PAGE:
Design and Use of Performance Measures to Decrease Low-Value Services and Achieve Cost-Conscious Care.
ABSTRACT Improving quality of care while decreasing the cost of health care is a national priority. The American College of Physicians recently launched its High-Value Care Initiative to help physicians and patients understand the benefits, harms, and costs of interventions and determine whether services provide good value. Public and private payers continue to measure underuse of high-value services (for example, preventive services, medications for chronic disease), but they are now widely using performance measures to assess use of low-value interventions (such as imaging for patients with uncomplicated low back pain) and using the results for public reporting and pay-for-performance. This paper gives an overview of performance measures that target low-value services in order to help physicians understand the strengths and limitations of these measures, provides specific examples of measures that assess use of low-value services, and discusses how these measures can be used in clinical practice and policy.
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ABSTRACT: Background The need to better understand processes of removing, reducing, or replacing healthcare services that are no longer deemed essential or effective is common across publicly funded healthcare systems. This paper explores expert international opinion regarding, first, the factors and processes that shape the successful implementation of decommissioning decisions and, second, consensus as to current best practice.MethodsA three round Delphi study of 30 international experts was undertaken. In round one, participants identified factors that shape the outcome of decommissioning processes; responses were analysed using conventional content analysis. In round two, responses to 88 Likert scale statements derived from round one were analysed using measures of the degree of consensus. In round three the statements that achieved low consensus were then repeated but presented alongside the overall results from round two. The responses were re-analysed to observe whether the degree of consensus had changed. Any open comments provided during the Delphi study were analysed thematically.ResultsParticipants strongly agreed that three considerations should ideally inform decommissioning decisions: quality and patient safety, clinical effectiveness and cost-effectiveness. Although there was less consensus as to which considerations informed such decisions in practice, those that drew the most agreement were: cost/budgetary pressures, government intervention and capital costs/condition. Important factors in shaping decommissioning were: strength of executive leadership, strength of clinical leadership, quality of communications, demonstrable benefits and clarity of rationale/case for change. Amongst the 19 best practice recommendations high consensus was achieved for: establishing a strong leadership team, engaging clinical leaders from an early stage, and establishing a clear rationale for change.Conclusions There was a stark contrast between what experts thought should determine decommissioning decisions and what does so in practice; a contrast mirrored in the distinction the participants drew between the technical and political aspects of decommissioning processes. The best practice recommendations which we grouped into three categories¿change management and implementation; evidence and information; and relationships and political dimensions¿can be seen as contemporary responses or strategies to manage the tensions that emerged between the rhetoric and reality of implementing decommissioning decisions.Implementation Science 09/2014; 9(1):123. DOI:10.1186/s13012-014-0123-y · 3.47 Impact Factor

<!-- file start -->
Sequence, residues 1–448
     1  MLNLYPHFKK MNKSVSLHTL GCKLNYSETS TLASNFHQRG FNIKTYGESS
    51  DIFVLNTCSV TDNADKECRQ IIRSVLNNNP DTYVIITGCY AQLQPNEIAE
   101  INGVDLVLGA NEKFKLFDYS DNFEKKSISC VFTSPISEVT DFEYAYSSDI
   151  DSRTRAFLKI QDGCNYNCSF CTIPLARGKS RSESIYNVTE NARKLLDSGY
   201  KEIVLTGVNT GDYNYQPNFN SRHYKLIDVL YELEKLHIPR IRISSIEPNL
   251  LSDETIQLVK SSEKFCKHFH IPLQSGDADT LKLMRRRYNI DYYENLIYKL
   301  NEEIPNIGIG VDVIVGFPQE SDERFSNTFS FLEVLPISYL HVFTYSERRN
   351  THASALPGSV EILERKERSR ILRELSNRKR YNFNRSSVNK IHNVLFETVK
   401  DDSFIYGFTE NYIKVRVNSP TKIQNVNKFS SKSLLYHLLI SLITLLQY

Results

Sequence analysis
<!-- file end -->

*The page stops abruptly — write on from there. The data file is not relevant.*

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ABSTRACT: Background: Colorectal cancer (CRC) screening is effective but underutilized. Although physician recommendation is an important predictor of screening, considerable variation in CRC screening completion remains. Purpose: To characterize the influence of patient trust in care providers on CRC screening behavior. Methods: Data were collected as part of a cluster-randomized CRC screening intervention trial performed in the San Francisco Community Health Network from March 2007 to January 2012 (analysis, Spring 2012). All study participants received a recommendation to complete CRC screening from their primary care provider (PCP). Included participants were aged 50-79 years, not current with screening, and completed the Wake Forest Trust Scale (WFTS) measuring trust in PCPs and doctors in general. Primary outcome was CRC screening completion (colonoscopy or fecal occult blood testing) within 12 months following enrollment. Multivariable association adjusted for race/ethnicity, language, and other sociodemographics was estimated using generalized estimating equations with logit link and binomial distribution. Results: WFTS response was 70.3% (701). Most participants (83%) were Latino, Asian, or black. Most had income <$30,000 (96%) and public health insurance (86%). Higher trust in PCP was associated with screening completion (OR=1.11, 95% CI=1.03, 1.17), but trust in doctors was not (OR=1.02, 95% CI=0.82, 1.28). Race, language, and other sociodemographic factors were not significant in multivariable analysis. Conclusions: After controlling for traditional factors, trust in PCP remained the only significant driver of CRC screening completion in low-income patients. Interventions to promote CRC screening may be improved by including efforts to enhance patient trust in PCP. (C) 2014 American Journal of Preventive MedicineAmerican Journal of Preventive Medicine 07/2014; 47(4). DOI:10.1016/j.amepre.2014.04.020 · 4.28 Impact Factor
Journal of General Internal Medicine 05/2014; 29(9). DOI:10.1007/s11606-014-2887-9 · 3.42 Impact Factor